The Not-So-Obvious Question

by Wayne Cordeiro on August 03, 2022

Good morning! It is Wednesday, August 3rd, 2022. I wonder if healing begins in our souls before it occurs in our bodies. Here, Jesus confronts a person that needs more backbone and less wish-bone. He was “sick” and had remained in that condition for a long time. The Bible uses the word “astheneia,” meaning an “invalid” or someone who is made weak by a past injury. In addition, we also get the word “anesthetized” from it as well … the state of being numb to something. I wonder if this man was numbed to a deeper problem that was injuring him? Read on… 

Today's Reading:

Nahum 1,2,3; John 5


“A man was there who had been ill for thirty-eight years. When Jesus saw him lying there, and knew that he had already been a long time in that condition, He said to him, ‘Do you wish to get well?’ ‘Sir,’ the invalid replied, “I have no one to help me into the pool when the water is stirred. While I am trying to get in, someone else goes down ahead of me.’  Then Jesus said to him, “Get up! Pick up your mat and walk.” At once the man was cured; he picked up his mat and walked.” (John 5:5-9)


It seemed like such an obvious question! I mean, why else would he be sitting by the pool waiting for the stirring of the waters? Yet, Jesus needed to ask it before He healed the man. “Do you wish to get well?” Today, He may be asking that of us: “Do you wish to get well? And if you do get well, are you ready to live, think and act differently?”  

Are you ready to let go of old ailments and stand up? Ready to toss those diseased mindsets, that limp in your personality, a lingering infection caused by last year’s offense? For some, these limps give “identity,” a “right to be angry,” a justification for their disposition, or a motivation for their cause. We can lay on these “mats” for years!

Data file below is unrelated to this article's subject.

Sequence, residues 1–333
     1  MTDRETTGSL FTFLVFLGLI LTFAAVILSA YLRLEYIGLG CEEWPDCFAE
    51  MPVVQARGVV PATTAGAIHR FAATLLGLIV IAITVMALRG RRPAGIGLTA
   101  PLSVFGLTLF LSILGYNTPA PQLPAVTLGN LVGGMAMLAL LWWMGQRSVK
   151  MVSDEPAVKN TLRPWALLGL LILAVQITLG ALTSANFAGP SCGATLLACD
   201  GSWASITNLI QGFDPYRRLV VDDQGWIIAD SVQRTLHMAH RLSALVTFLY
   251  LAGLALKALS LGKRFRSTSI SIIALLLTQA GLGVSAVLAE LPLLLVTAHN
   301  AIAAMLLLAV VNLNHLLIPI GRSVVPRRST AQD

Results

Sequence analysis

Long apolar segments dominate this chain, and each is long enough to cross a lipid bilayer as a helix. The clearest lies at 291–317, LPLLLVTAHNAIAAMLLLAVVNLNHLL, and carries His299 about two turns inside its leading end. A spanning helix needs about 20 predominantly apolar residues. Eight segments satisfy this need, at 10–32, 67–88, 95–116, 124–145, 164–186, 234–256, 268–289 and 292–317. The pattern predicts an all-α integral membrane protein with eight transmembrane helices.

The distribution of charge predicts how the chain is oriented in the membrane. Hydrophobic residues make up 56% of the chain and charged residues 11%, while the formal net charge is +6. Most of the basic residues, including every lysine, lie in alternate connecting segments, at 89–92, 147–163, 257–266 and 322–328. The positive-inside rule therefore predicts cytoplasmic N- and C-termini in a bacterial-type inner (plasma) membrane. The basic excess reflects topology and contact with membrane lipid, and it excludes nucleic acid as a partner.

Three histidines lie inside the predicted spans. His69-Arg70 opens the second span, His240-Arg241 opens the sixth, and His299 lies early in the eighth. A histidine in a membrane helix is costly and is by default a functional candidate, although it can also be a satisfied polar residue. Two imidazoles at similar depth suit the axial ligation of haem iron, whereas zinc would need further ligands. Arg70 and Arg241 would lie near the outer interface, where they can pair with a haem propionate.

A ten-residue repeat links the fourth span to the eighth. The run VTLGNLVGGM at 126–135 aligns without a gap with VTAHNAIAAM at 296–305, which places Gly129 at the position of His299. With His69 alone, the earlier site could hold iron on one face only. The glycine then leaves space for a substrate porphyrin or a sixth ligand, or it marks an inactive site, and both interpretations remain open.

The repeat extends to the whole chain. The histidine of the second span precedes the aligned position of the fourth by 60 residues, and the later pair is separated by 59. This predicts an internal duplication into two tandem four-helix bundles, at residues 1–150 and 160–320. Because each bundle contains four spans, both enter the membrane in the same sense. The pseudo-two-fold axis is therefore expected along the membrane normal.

But you see … people who are well don’t act like sick people. On the contrary, they act and live very differently. 


To be healed means we must be willing to give up our excuses once and for all. No longer can we say it’s someone else’s fault: our parents, our nationality, our job, education, or our geography. So, Jesus asks: “Are you willing to be healed? No, not just when the water of circumstance begins to stir:  

  • Once I move
  • Once he (or she, or my boss) changes
  • Once I get paid more

We must be willing to stand up and cooperate with His instruction, work our limbs again - stretch our patience, extend our love, and do what He told us to do in the beginning—no more sitting by the pool and wishing that someone else would make the first move. No more waiting for that break: that jackpot in Vegas, a settlement to come in and make everything alright, others to get their act together. Only Jesus can do that. Are you willing … really willing to be healed?


Jesus, You are willing. You said, “Whosoever may come.” So, the question is not whether You are I willing? The question is not: is Jesus accessible? The question is: am I accessible to You? I am willing, Father, and I make myself accessible to You!

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